Umies down under
Danielle Henderson wasnt the only Umie Down Under for the 2000 Olympics. A sizeable contingent of athletes, coaches, and staff associated with the campus were in Australia for last falls games.
Perhaps best-known was Olympic veteran Briana Scurry 95C, starting goalie for the gold-medal-winning U.S. womens soccer team in Atlanta in 1996, who gained further fame when she helped beat China for the World Cup title in 1999. Injuries kept her on the sideline in Sydney as the U.S. lost to Norway in the gold-medal match.
UMass assistant field hockey coach Hilary Rose 96 is another seasoned Olympic athlete. Starting goaltender for Great Britain in the past two Olympiads, Rose saw her team finish fourth in Atlanta and eighth in Australia. Although disappointed in their showing in the Sydney games, Rose savors the Olympic experience and isnt ruling out another try: At age 29, she plans to compete in the Commonwealth Games in 2002, Ill see where I am at that point, then make a decision about 2004.
For womens crew coach Jim Dietz, the Sydney Olympiad was the fifth time around. In 1972 in Munich, he rowed to a fifth-place finish in single sculls; he competed again in 1976 before turning to coaching in the 1988, 1992 and 2000 games. In Sydney last fall, he helped Americans Sarah Garner and Christine Collins take the bronze in the lightweight double sculls.
Dietz was also able to cheer on two of his former UMass rowers in Sydney: Sarah Jones 97 was a member of the U.S. eight that came in sixth in the finals, and Sarah Lauritzen 98C competed for Denmark, whose quadruple sculls crew also finished sixth. UMass sophomore and crew team member Sarah Pollman made the German national crew, but that team failed to qualify for the Olympics.
(In a final crew note, the American teams, as well as those from Great Britain, the Netherlands, and Australia, all rowed shells built by Michael Vespoli 74G at his New Haven plant. And Vespoli, whose boats float the UMass crew team, was on the 1972 Olympic squad with Dietz.)
David Hearn 82 competed in his third Olympic games as the only American to qualify for the solo canoe slalom event where he finished 12th. The 41-year-old canoe and kayak designer lives in Bethesda, Maryland and is the reigning king of U.S. whitewater (hes won 22 national championships).
Literally plunging into her first Olympic experience in Sydney was diver Angelique Rodriguez 97, who competed for her native Puerto Rico in the three-meter springboard and ten-meter platform events. Rodriguez came to UMass as a national-level gymnast with virtually no diving experience, but had an immediate impact on the diving team. (Unlike divers, gymnasts are taught not to land on their heads, quips coach Guy Pollino. But Angelique made the transition quickly.) By her junior year Rodriguez had won the league diving championship, set three new school records and was fast outgrowing the UMass program and its facilities: Boyden Pool has only one- and three-meter boards, and no diving platformso she finished her UMass degree in three years and started graduate school at Arizona, where she trains with two-time Olympic medallist Michele Mitchell-Rocha.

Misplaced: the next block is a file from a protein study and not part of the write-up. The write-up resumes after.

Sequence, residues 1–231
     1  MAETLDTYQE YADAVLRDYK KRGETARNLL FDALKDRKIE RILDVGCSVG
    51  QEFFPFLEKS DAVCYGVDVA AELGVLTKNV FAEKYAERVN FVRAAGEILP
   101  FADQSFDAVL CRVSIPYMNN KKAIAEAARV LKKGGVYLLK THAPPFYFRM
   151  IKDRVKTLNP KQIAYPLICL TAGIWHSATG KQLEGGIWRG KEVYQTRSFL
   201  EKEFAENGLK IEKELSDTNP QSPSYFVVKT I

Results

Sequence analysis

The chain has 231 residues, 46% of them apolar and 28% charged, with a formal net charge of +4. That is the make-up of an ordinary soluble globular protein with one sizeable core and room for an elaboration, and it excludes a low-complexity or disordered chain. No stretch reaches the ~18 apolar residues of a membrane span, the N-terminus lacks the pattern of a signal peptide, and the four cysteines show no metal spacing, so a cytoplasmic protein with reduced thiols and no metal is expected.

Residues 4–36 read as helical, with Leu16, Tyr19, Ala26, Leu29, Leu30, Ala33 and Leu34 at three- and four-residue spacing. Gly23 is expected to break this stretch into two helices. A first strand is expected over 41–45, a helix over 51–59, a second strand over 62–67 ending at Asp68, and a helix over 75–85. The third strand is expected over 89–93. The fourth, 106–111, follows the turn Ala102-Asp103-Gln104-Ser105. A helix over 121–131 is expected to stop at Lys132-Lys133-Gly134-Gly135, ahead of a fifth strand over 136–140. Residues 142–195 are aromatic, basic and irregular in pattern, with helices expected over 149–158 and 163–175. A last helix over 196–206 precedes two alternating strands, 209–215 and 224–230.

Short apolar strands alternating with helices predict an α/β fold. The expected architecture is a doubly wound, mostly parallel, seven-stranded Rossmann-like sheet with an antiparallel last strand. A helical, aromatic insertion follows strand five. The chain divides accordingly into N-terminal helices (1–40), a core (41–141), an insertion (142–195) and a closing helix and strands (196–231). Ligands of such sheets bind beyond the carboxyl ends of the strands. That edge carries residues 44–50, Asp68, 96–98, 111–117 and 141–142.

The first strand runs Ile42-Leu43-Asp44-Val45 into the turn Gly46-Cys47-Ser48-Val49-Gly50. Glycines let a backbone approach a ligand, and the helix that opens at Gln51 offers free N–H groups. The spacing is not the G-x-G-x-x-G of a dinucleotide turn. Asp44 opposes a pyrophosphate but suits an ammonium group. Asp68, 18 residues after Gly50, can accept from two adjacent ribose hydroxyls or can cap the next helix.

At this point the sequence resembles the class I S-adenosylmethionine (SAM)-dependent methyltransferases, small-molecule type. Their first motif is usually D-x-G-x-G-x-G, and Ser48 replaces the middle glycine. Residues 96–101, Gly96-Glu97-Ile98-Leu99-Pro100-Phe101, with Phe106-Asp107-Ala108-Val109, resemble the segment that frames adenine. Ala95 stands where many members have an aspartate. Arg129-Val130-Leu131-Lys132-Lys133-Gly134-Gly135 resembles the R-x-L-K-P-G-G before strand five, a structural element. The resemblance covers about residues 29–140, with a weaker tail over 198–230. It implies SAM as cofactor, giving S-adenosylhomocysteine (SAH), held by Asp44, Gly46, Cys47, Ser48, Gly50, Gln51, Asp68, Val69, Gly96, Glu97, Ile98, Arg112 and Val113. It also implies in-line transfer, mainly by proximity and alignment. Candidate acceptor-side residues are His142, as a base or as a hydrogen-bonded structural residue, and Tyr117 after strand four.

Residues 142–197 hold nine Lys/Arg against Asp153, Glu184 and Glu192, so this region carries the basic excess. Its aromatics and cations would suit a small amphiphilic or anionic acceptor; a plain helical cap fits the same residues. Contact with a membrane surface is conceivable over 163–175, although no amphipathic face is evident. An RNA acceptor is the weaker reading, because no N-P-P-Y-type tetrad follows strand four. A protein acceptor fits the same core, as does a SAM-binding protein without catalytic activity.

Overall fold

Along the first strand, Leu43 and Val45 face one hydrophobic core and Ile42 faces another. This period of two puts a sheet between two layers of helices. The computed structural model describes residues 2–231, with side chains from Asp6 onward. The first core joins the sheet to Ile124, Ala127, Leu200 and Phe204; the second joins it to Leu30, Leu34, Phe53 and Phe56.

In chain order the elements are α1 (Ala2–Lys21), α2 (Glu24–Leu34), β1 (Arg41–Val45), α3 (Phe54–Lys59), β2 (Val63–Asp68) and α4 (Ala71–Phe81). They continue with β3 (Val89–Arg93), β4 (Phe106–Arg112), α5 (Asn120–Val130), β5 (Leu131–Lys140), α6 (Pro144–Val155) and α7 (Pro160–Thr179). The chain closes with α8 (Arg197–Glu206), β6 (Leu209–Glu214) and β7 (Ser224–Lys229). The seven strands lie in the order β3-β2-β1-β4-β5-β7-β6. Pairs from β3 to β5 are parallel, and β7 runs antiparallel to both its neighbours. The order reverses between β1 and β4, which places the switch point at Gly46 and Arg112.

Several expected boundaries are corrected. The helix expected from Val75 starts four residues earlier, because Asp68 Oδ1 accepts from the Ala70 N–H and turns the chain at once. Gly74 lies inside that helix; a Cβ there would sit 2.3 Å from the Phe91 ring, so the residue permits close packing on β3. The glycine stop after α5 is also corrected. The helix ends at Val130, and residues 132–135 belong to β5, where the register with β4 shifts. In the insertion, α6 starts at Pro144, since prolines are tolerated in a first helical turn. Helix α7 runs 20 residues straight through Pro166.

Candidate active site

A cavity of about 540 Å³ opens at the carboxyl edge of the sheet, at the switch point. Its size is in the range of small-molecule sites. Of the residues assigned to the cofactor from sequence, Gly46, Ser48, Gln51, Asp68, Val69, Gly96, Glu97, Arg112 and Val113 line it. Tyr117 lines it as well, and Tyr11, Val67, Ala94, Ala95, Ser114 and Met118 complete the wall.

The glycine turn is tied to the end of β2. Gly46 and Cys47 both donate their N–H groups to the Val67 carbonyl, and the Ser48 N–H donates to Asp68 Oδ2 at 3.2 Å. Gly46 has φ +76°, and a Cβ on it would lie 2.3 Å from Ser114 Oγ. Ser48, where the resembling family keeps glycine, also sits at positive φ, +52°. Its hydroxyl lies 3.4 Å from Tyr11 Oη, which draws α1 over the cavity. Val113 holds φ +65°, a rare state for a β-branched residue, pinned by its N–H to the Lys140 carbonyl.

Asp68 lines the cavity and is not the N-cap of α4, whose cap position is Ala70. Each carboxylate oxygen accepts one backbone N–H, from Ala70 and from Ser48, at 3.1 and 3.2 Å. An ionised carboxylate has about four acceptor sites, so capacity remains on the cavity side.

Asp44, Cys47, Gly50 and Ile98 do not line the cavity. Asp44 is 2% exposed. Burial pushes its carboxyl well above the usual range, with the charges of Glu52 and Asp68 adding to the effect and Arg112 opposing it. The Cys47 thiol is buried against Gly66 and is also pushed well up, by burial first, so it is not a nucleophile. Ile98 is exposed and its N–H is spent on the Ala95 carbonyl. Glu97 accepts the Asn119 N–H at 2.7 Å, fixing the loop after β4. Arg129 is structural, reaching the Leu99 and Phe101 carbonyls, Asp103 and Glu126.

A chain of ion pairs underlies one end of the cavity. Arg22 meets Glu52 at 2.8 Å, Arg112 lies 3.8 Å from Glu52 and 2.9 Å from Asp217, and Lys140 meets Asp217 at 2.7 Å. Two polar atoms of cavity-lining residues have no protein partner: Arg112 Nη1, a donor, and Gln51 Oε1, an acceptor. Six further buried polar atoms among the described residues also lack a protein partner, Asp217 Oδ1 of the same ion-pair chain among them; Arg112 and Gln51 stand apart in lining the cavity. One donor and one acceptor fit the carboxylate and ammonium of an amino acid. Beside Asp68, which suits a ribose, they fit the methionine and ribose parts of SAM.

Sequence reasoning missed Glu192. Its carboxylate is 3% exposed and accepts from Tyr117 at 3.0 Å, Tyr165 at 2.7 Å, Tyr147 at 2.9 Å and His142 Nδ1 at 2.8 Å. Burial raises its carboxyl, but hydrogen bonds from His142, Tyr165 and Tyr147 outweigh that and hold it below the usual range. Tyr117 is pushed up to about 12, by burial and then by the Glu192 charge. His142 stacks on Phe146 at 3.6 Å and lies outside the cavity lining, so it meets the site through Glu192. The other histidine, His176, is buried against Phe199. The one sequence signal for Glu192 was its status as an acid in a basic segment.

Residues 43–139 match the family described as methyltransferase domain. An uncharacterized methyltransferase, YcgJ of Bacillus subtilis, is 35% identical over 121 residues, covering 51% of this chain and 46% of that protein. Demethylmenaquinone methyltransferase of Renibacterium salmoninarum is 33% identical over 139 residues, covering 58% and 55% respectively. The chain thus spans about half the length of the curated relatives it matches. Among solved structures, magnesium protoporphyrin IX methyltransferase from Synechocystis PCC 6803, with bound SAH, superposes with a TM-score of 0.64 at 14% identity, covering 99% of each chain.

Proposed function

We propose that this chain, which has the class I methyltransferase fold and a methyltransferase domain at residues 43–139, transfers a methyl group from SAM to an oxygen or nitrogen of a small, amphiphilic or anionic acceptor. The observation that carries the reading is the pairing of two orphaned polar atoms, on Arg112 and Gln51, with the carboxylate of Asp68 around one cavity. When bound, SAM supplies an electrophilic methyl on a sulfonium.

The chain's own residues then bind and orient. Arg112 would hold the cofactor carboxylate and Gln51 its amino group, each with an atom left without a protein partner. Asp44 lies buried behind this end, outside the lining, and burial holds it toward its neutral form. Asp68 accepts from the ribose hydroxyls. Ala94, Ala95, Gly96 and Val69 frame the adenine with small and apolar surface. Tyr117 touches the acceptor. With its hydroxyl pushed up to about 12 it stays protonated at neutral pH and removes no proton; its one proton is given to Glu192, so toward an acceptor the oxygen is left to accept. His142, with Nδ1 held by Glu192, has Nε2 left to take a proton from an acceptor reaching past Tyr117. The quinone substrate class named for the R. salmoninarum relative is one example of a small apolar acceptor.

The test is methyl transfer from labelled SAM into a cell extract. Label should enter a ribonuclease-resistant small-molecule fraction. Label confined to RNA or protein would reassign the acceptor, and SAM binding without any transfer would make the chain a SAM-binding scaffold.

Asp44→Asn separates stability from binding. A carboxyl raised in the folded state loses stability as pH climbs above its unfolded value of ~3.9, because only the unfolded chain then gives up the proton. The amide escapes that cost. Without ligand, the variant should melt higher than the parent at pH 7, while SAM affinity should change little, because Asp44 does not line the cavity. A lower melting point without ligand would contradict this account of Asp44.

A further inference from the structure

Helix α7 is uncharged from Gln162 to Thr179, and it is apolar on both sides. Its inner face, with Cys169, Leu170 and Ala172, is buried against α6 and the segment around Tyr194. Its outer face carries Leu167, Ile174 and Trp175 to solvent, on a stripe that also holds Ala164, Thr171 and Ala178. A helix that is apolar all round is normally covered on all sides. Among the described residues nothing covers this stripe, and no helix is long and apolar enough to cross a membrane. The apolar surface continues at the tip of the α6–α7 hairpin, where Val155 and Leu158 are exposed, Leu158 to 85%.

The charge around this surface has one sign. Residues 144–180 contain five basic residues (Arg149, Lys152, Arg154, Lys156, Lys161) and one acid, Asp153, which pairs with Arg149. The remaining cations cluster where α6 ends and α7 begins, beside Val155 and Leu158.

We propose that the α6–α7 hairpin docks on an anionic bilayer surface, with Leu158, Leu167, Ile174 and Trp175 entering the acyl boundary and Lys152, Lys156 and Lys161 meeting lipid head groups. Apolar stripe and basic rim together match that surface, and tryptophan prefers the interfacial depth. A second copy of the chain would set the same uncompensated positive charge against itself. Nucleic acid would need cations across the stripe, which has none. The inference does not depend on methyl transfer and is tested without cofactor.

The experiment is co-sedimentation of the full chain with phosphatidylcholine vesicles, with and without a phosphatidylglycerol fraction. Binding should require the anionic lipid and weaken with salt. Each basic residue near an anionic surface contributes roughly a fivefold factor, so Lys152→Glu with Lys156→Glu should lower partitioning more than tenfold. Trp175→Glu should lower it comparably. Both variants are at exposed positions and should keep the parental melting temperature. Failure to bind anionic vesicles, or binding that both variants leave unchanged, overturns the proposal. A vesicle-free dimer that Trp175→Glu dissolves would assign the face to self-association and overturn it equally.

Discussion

Also competing in the 2000 games was former director of the UMass riding program, Sue Blinks, whose bronze medal ride on Flim Flam in the equestrian dressage grand prix won the highest score by an American. Robert Costello 88 finished seventh overall, and alumnae Colleen Heyduk 97 and Nicole Beaucheme 98 were head grooms for David and Karen OConnor who won the team bronze medal. And Jane Savoie 74 joined the U.S. dressage team in Sydney as adjunct coach.
Finally, staffer Mark Morel calls his Olympic experience quite wonderful despite having spent most of the games in the back of a huge semi parked just outside Olympic Stadium. Morel, chief engineer for the UMass Video Instructional Program, spent six weeks in Sydney as NBCs senior engineer, responsible for the coverage of all events inside the stadium, including track and field and the opening and closing ceremonies.
I was terrified, he says now. The night before the opening ceremonies I realized that 70 million people would be watching.